[7] Donner et al. [2011] show that the AM3 simulated aerosol optical depth and co-albedo broadly capture those in AERONET observations (agreement within a factor of 2 at most sites, with a global correlation coefficient ranging from 0.6 to 0.7). As we focus here on air quality over the Northeastern United States in summer (June–July–August), we evaluate the surface PM2.5 concentration (defined as the sum of sulfate, nitrate, dust with a dry radius less than 0.1 µm, secondary organic carbon, sea salt with a dry radius less than 0.2 µm, black carbon, and organic carbon; dry radius thresholds are chosen to ensure the aerosol size is less than 2.5 µm when water content is included) in the current-day simulation with the U.S. Air Quality System (USAQS) PM2.5 observations.

[8] Our current-day simulation is designed to represent the climatological mean situation during 1981–2000. We thus evaluate the simulated summer mean and seasonal cycle of PM2.5 with observations from the U.S. Air Quality System (AQS) averaged from 1997 (the earliest year with PM2.5 data reported) through 2007. The simulated summer mean PM2.5 is spatially correlated with the AQS observations (R ~ 0.7, over the Northeastern United States) with an average bias of 34% (Supporting Information, Figure S2). The positive bias occurs mainly over the Northeastern United States, where sulfate aerosol contributes above 50% to PM2.5 in the model. This bias is expected since the simulation applies emissions for the year 1990 throughout the 20-year simulation (to minimize climate noise; section 2.1) but U.S. emissions of sulfur dioxide (SO2, precursor to sulfate aerosol) decreased by about 30% from 1990 to 2000 [EPA, 2001], and this decrease should be reflected in the 1997–2007 AQS observations. The model exaggerates the seasonal cycle of simulated PM2.5 over the Northeastern United States, likely due to excessive SO2 emissions and subsequent sulfate production, but captures the summertime maximum (Supporting Information, Figure S3) which reflects stronger chemical production of aerosols during this season.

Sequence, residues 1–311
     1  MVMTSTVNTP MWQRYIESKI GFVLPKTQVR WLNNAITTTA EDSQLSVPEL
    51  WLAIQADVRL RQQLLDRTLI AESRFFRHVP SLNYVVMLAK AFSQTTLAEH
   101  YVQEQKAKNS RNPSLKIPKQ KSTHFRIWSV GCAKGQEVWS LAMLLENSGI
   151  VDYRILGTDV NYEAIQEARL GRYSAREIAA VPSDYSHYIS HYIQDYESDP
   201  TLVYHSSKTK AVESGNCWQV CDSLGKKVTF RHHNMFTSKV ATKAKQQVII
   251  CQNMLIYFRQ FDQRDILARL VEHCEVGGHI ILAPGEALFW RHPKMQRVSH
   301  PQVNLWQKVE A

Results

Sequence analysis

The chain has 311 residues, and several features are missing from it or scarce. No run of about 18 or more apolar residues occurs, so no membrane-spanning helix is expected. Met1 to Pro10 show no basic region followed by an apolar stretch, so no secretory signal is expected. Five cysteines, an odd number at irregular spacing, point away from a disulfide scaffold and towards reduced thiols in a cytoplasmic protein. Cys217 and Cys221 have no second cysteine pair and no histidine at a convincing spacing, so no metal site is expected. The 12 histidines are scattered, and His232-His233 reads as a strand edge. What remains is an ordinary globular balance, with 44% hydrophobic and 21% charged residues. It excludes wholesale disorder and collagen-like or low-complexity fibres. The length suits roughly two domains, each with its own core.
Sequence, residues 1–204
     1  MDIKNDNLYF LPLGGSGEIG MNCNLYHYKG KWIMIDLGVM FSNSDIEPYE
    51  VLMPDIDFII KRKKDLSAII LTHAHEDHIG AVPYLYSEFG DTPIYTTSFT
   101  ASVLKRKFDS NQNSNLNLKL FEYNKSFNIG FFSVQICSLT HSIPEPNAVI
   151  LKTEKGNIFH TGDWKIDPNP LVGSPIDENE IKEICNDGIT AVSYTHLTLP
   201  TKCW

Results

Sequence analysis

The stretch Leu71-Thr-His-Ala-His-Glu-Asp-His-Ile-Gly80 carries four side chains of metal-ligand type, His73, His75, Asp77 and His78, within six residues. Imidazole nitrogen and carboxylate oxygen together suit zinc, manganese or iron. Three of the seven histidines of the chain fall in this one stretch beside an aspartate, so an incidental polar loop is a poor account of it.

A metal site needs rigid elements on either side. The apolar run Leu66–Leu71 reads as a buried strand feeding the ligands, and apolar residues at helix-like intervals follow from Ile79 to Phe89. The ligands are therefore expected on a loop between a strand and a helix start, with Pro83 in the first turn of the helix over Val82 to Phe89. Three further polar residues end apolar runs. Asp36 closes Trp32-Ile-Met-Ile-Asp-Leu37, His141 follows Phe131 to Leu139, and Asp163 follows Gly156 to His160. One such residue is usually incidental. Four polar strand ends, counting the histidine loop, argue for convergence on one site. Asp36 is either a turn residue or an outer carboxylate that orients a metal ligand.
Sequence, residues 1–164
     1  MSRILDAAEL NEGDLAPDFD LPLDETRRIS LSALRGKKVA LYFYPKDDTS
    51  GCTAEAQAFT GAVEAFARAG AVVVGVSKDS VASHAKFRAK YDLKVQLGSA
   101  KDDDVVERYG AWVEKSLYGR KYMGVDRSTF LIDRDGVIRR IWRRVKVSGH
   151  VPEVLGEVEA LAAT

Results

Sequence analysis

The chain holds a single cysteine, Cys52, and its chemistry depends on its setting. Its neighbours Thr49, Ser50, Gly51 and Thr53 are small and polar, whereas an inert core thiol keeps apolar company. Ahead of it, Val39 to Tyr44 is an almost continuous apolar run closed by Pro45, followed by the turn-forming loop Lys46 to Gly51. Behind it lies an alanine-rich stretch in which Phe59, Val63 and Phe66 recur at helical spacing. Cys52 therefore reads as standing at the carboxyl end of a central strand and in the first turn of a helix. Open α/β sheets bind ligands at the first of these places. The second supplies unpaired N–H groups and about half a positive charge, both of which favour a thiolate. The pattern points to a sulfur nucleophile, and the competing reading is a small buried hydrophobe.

3 Representing the PM2.5 Distribution with a Synthetic Tracer (SAt)